As a sentient society, we can’t wrap our brains around how someone can make all of this up. Or why. And that fact that a beautiful little girl is dead and SOMEONE has to be held responsible. We can’t understand because we don’t want to. It’s incomprehensible that someone can lie so much and be so deceitful and selfish. We can’t put ourselves in her shoes because we don’t want to. We don’t have the mental capacity to imagine what it must be like to be Casey, just like we can’t imagine what it is like to be deaf or blind when we aren’t.
Twins and Siblings
I remember what my sister’s face looked like in court when we were fighting for custody of her son. Casey had that same look. The pursed lips. The stone-cold face. The head shaking and the mumbling. The note passing to the attorneys. The women are like twins. Perhaps my personal experience kept me glued to CNN to watch the Anthony trial, but I saw so much of my sister in Casey’s eyes. I was shocked and relieved: someone else out there saw in Casey what I saw in my sister many years ago. I am not the only one. Finally, I’m not the only one.
The thing here is: I can’t imagine what is like to be Casey, but I can imagine what it must be like for her family. It goes without saying that my family is not like Casey’s – I would like to think that my family is decently “normal,” with the exception of the sociopath sibling thing.
My heart goes out to Lee, her brother, who seems to be the only one in this case with any common sense. He must be thinking that the world is so unfair sometimes. He must be feeling pretty horrible because there is nothing he can do to help his family. He’s alone. And probably sad. And angry. And many other things that I remember feeling many years ago.
I feel for you, Lee, I really do. As a survivor of a family war (nothing compared to yours) and a sibling of a bi-polar/anti-social individual, I can honestly say that I understand.
But here is some good news, Lee:
One day, when Casey disappears into the night (and she probably will soon) and marries some schmuck and has another baby that she doesn’t have any business having, you will somehow find it in your heart to forgive her. Many days and nights will go by without you speaking to one another and your heart will continue to break little by little each time. You will feel a deep sadness for your niece and the life she could have had and the childhood you remember with Casey. You will call her. She won’t answer. You will cry. She won’t. You will hurt, scream, wonder, and be alone. She won’t feel anything. You’ll think there is something wrong with you, but I promise – it’s all her.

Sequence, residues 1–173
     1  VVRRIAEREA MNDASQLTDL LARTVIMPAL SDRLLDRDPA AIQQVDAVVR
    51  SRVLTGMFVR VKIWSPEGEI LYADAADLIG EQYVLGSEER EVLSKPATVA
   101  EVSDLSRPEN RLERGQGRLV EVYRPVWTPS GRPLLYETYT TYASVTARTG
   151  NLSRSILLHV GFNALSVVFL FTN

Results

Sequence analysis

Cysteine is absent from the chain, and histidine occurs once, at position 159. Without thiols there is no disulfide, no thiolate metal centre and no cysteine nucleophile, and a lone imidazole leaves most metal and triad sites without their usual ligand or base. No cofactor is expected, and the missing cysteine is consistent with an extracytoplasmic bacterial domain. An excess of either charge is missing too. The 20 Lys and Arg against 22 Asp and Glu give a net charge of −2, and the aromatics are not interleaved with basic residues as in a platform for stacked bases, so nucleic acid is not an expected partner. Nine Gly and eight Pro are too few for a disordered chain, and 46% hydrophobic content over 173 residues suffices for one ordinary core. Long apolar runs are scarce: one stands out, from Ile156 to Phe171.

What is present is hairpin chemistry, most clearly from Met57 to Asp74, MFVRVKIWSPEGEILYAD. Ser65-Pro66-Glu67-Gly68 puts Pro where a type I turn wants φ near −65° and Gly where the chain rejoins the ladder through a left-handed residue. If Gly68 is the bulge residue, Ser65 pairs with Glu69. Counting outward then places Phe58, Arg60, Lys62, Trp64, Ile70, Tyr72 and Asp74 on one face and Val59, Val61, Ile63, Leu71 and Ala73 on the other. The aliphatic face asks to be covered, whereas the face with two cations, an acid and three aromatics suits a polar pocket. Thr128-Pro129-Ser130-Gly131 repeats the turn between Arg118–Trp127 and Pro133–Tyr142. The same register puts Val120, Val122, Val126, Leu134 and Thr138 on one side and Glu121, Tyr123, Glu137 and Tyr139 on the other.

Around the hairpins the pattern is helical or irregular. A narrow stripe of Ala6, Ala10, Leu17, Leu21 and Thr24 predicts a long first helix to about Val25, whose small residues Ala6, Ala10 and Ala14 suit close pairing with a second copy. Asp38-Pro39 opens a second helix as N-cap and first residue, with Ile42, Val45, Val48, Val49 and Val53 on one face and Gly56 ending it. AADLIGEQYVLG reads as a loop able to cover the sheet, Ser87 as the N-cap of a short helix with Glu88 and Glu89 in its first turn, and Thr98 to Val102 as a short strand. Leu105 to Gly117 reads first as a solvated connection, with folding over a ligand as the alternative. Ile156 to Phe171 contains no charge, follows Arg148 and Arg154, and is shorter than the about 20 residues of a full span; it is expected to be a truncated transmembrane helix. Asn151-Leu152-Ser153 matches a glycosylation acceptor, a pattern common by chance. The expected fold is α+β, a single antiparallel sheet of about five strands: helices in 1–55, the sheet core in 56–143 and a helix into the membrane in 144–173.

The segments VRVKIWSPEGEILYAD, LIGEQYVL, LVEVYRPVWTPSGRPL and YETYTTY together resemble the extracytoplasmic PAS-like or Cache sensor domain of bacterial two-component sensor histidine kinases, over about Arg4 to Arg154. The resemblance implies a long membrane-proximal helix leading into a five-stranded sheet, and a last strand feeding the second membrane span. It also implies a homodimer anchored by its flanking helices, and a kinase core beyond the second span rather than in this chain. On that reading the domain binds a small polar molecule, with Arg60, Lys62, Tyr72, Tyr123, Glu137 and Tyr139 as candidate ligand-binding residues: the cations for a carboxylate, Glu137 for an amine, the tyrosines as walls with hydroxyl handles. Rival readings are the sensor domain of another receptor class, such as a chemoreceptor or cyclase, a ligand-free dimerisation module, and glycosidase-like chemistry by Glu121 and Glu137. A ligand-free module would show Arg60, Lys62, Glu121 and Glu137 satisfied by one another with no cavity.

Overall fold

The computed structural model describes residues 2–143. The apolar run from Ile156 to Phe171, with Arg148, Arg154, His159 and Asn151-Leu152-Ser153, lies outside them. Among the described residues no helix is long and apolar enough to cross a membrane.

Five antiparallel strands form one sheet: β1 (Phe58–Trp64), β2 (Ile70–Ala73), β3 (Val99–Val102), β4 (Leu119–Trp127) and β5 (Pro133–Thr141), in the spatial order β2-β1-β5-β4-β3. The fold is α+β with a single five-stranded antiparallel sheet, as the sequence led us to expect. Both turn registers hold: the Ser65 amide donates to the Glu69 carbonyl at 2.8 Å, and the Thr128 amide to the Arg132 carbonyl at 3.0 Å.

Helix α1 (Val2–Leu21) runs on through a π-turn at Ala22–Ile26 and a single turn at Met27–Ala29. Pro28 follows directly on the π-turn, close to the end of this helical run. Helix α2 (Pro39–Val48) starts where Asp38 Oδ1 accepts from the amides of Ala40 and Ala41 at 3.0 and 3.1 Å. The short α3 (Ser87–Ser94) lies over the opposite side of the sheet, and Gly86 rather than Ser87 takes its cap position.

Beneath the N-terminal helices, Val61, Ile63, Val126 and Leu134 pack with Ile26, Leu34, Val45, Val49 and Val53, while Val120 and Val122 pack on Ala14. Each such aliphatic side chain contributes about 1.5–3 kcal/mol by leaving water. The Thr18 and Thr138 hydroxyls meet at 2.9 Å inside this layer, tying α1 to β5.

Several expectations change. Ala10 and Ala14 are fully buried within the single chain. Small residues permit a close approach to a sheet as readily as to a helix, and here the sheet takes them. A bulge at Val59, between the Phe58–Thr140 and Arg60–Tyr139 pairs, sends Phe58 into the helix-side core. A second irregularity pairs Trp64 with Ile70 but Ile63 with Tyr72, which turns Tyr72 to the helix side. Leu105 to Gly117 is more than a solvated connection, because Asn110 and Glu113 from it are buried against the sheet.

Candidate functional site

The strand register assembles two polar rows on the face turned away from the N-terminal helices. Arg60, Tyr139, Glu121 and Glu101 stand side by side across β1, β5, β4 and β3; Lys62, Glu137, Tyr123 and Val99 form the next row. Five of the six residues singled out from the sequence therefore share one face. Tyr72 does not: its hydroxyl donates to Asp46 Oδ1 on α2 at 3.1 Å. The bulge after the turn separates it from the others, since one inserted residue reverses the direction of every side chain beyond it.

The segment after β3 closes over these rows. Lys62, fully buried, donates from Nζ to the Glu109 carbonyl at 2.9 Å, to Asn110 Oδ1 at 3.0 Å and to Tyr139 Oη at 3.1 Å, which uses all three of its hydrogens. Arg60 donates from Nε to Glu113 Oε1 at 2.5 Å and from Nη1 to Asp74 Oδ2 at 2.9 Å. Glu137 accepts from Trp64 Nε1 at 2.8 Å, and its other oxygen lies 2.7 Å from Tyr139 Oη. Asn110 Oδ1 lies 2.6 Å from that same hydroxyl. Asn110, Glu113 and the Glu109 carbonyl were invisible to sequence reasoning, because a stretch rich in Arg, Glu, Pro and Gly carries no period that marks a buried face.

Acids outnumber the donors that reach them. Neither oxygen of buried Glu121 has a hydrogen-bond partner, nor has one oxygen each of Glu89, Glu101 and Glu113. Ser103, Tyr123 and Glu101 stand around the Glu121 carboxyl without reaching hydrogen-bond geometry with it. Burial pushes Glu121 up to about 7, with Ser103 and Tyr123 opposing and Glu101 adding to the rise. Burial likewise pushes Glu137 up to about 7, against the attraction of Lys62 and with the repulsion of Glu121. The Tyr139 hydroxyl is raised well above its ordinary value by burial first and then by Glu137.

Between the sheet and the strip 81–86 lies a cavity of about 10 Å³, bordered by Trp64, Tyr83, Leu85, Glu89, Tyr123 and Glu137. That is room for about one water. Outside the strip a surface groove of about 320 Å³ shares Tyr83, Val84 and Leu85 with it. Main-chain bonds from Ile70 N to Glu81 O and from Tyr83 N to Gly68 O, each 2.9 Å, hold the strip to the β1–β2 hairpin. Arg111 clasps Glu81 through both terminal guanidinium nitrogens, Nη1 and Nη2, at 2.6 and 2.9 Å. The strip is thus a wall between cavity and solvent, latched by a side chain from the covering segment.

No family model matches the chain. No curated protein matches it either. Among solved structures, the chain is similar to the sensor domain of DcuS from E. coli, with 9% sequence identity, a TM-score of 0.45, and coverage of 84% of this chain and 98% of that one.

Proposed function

Then one day, you’ll wake up next to your beautiful wife and hear your wonderful child singing through the monitor to let you know it’s morning time, and you’ll wonder how your life got to be so good after something so terrible. In the midst of all the wonderfulness that will encompass your life, you will find it somewhere deep in your heart (look in the place where you store your favorite childhood memory of Casey) and you will forgive her for what she did to your family. I know that sounds ridiculous right now, but I promise – it will happen to you just like it happened to me.
The Other Side
Social media is a beautiful thing – it can create a public opinion in a matter of seconds. Not only public opinion, but also public panic. For example: if someone in a large crowd starts screaming and running, looking behind them… eventually someone will start running too. Then three people. Then fifteen. Then fifty. You get the picture. Social media works the same way without the screaming lunatic. Facebook, Twitter, blogs, and even news sites (Nancy Grace, for example) all feed public opinion the fattiest, most unhealthy scraps that they can dig up. Once someone gets hyped about the story, they Blow. It. Up. Then we all get interested. Then we all start believing each other. It’s amazing how fast a verdict was reached in this case before the girl ever had her day in court. She was guilty from the minute they found Caylee. Way to uphold the Constitution, folks. You’re ALL stand up citizens.
We know SQUAT about this case, we haven’t seen all the evidence, and we don’t know the truth.
This girl and her family have been torn apart by the media and all we can do is sit around on Facebook and call her murderous, idiotic, insane, and disgusting. If you don’t have Casey’s fingerprints on a murder weapon directly linked to Caylee with a motive and a timeline, well, you have squat. You have nothing except your opinion, which you are entitled to. You are not entitled to attack the Anthony family with your stabs in the press and gunshots to social media using that opinion.
Casey was once a child. She was grown in her mother’s womb and she is her mother and father’s baby. I’m sure her mother and father did not intend for this to happen to their child, and certainly not their grandchild. Casey is loved by many people who are hurting. They are heartbroken more than we can ever know, over the death of a baby and the social suicide of another. Her family will never be the same – just like mine is not the same – and all we can do is sit around and criticize them. Casey needs some serious, hardcore therapy and lifelong counseling . I can only pray that she, and the rest of her family, will receive it.
How would you feel if your child turned out to be like Casey? What would you do? I hope I never have to answer that question.
I implore each of you who read these words: leave this family to heal. Justice is not ours to serve. So why are we still cooking it?